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Jerome Seagears defense

Photo by Josh Metz

UNLV’s pressure defense didn’t generate a ton of turnovers against Cal Poly on Friday, but the Rebels did have success in terms of using the press to speed up the pace of the game. And for Dave Rice, that appears to be half the battle.

Much like in last week’s exhibition contest against Whittier, the Rebels didn’t unleash an ultra-aggressive fullcourt press, but rather rolled out a simple trapping scheme seemingly designed to get the opponent moving quicker than they wanted to.

UNLV played 75 defensive possessions on Friday, and 40 of them began with Cal Poly inbounding the ball in the backcourt after a dead-ball stoppage. On 24 of those 40 possessions, the Rebels employed a fullcourt press, mostly consisting of the “madman” defender contesting the inbound pass and a wing defender hounding the Cal Poly ball-handler to the halfcourt line.

Here are the numbers (with the caveat that I charted these plays live during the game, so assume some margin for error):

UNLV press vs. Cal Poly

Possessions: 75
Dead balls: 40
Press: 24
Traps: 10
Scrambles: 6
Turnovers forced: 4

As you can see, UNLV only trapped in the backcourt on 10 possessions, which is a low total for a team trying to force live-ball turnovers. But although Cal Poly was usually able to break the press with relative ease, it often resulted in quick shots, which increased the pace and played into the hands of the deeper team—UNLV. For the game, UNLV’s average possession lasted 15 seconds, while Cal Poly’s lasted 17 seconds.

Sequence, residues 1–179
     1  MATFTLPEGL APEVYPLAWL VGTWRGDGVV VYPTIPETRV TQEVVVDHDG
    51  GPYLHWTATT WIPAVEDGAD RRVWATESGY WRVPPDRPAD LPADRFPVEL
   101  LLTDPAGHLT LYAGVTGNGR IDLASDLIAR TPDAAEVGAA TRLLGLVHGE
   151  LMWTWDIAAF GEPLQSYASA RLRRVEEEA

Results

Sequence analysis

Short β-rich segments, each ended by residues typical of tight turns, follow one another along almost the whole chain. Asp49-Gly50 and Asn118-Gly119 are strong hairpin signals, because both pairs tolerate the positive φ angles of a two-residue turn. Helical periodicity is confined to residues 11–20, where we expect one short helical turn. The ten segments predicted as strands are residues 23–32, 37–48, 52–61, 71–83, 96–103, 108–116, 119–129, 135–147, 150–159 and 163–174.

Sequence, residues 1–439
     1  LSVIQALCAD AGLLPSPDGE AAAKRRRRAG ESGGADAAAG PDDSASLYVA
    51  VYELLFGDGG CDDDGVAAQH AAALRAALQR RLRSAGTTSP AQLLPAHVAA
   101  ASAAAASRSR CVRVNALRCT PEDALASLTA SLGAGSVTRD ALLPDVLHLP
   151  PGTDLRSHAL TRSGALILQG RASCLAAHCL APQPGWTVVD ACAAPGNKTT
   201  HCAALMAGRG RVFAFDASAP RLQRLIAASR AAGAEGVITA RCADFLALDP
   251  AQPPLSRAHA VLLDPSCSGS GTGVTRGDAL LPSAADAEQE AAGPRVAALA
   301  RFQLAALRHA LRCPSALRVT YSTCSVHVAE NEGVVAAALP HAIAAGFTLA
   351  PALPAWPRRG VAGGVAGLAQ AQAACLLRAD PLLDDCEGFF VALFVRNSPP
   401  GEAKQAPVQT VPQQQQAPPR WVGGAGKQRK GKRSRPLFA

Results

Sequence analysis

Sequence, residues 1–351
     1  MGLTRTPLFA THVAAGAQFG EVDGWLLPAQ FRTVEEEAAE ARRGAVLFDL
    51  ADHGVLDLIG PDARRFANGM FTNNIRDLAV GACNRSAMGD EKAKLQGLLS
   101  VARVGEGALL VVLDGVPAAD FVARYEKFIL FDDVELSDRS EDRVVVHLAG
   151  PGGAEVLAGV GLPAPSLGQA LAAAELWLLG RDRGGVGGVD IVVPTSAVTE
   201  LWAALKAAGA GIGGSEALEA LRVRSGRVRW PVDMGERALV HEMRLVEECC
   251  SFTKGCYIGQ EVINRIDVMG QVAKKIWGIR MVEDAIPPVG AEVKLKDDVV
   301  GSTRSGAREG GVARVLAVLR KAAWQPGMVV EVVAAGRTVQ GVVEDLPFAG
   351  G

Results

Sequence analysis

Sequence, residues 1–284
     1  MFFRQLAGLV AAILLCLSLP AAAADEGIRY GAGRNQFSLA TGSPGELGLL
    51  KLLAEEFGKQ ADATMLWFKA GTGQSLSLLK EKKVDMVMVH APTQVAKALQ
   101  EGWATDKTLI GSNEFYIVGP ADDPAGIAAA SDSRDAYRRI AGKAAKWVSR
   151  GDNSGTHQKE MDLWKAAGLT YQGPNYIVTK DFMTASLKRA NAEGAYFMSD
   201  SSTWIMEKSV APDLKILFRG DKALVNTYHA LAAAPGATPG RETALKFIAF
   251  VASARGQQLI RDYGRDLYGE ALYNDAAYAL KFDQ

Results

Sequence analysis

When the Rebels did go after the ball in the backcourt, they actually had a fair amount of success. They trapped 10 times and forced six “scrambles,” which is a term I’m using to quantify the times Cal Poly was stymied by the press and had to go outside of its normal routine and scramble a bit in order to escape the pressure. The Rebels also forced four turnovers directly via the press, and with the usual small sample size caveat in full effect, a 40 percent turnover rate on backcourt traps has to make Rice happy.

Once again, Derrick Jones and Dwayne Morgan were the standout defenders, with Jones responsible for forcing two of the four turnovers caused by the press. For the game, Cal Poly committed 14 turnovers.

So while the Rebels haven’t done anything tremendously exotic with their press so far this season, we’ll have to wait and see how it evolves as the players and coaches grow more comfortable playing that style on a full-time basis.

Vegas Seven


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